Sometimes because of one situation or another your organization will not give you measurable statistics. Maybe you are working on a venture project that has not yet been created, maybe you’ve been told to raise money for something that is a good idea but has no staff support. Here are a few things I’ve done to survive in this measureless world.
Straight away I’ll make sure that I can measure my own fundraising success to help me in building a future case for measurable results. It is important that you keep trying to get these measurable results. Do not settle for doing a bad job at showing your organization and it’s projects are a success.
A great stepping stone I’ve used is to set-up equivalencies so you have example numbers of what a gift can purchase. This allows donors to trust in how you will be spending their money but can provide them with great tangible ways of understanding the difference their gift can make.
When facts and measurements are scarce, you have to make sure that you are selling the ideas or founding principles of your organization. You can do this through client stories of success or of opportunity. Even “generalized” client stories of what a life could be like can make a significant impact. Client stories are really great as they provide you a way to re-tell the success of your organization through someone else. People will often connect to a compelling story before a promising statistic or a measurable result.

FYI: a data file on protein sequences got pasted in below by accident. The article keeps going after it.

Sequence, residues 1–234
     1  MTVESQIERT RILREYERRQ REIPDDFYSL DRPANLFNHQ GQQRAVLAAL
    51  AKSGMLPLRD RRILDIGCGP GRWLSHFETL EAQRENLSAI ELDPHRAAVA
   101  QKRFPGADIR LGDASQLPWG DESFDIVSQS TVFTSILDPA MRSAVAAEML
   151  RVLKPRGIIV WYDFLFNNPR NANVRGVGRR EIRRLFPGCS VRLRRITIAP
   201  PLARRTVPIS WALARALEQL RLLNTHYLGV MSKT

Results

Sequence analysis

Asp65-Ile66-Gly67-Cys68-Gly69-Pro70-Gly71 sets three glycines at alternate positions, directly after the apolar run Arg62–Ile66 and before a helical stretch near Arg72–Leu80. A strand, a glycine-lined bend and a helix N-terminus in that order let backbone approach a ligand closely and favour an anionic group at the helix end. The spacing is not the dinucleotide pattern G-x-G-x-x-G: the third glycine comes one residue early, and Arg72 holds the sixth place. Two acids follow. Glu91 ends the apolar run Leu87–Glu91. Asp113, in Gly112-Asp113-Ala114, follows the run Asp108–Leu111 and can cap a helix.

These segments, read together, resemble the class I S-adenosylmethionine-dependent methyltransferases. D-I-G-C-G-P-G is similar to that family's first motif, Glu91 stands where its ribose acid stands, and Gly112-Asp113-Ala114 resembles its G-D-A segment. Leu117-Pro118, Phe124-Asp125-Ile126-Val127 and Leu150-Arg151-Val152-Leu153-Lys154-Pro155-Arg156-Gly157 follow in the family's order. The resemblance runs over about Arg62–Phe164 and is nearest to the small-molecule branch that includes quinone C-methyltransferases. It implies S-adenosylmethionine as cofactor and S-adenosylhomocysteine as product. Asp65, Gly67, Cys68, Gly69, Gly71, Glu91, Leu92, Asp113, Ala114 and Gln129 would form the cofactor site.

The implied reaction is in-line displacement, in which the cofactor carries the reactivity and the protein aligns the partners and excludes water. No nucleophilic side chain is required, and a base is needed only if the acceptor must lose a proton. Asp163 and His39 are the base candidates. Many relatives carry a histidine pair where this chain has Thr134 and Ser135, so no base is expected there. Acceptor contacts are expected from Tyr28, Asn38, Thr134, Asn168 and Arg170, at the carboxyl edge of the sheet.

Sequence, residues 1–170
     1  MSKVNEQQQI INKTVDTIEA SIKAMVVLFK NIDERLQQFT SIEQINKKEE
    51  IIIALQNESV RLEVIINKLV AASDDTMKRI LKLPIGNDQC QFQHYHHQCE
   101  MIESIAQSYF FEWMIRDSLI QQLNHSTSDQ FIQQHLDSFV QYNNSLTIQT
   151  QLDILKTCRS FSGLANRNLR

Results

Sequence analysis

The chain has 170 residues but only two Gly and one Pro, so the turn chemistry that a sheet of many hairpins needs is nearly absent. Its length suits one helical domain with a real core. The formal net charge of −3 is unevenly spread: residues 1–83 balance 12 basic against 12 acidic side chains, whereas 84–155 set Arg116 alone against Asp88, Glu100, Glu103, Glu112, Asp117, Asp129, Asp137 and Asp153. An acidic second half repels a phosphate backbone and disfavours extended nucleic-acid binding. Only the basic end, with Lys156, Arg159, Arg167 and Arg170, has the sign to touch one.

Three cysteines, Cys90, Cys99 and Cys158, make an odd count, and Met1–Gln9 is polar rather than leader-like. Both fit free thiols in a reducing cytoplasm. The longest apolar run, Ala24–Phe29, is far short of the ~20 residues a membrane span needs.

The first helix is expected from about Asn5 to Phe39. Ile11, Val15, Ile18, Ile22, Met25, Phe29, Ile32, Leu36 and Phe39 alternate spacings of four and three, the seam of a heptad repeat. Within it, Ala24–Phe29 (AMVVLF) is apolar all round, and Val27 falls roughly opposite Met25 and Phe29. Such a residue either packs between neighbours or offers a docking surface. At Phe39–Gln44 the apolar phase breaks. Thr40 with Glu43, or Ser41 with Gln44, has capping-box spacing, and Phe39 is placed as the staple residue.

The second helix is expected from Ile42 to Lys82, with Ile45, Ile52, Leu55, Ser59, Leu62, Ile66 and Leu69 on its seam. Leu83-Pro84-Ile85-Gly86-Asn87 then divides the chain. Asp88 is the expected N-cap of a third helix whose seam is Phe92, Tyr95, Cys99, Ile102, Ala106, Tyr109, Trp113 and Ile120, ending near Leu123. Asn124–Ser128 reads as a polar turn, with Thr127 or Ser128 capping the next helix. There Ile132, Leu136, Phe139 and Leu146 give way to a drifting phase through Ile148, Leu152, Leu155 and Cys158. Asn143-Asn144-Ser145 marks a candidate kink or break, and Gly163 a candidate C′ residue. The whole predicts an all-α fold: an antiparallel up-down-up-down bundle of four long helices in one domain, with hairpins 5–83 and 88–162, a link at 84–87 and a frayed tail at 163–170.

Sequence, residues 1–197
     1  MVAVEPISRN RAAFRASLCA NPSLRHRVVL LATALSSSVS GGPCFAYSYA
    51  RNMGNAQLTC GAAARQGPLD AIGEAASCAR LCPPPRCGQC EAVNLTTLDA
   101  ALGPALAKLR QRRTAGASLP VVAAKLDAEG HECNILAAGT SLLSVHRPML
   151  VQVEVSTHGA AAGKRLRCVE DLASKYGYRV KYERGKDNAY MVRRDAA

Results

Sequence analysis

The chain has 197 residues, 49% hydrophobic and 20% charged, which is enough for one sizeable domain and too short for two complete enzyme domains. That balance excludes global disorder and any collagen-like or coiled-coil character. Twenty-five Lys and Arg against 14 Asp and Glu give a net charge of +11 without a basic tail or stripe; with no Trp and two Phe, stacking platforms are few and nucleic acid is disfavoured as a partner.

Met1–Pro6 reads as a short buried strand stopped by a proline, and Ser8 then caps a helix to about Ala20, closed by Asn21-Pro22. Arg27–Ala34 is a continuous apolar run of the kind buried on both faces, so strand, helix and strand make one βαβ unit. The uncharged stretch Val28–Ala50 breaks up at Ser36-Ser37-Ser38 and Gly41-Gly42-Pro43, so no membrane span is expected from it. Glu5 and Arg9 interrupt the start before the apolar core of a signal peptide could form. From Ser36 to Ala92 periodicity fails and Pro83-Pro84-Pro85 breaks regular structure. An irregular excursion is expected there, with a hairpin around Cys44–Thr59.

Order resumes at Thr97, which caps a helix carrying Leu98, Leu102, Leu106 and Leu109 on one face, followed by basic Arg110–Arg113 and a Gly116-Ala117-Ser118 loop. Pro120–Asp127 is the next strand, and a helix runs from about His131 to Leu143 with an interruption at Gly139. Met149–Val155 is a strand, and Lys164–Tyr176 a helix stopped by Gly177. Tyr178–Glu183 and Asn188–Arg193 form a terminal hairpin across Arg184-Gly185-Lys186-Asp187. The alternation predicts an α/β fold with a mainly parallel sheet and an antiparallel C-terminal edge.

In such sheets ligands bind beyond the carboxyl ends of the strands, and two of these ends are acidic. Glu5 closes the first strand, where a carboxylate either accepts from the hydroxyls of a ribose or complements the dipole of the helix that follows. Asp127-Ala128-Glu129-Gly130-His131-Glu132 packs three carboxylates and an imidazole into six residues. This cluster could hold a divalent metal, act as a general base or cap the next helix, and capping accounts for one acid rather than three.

What does your organization do? I think we should strive for measurable results but when those results are scares we need to do something. What do you do in your organization?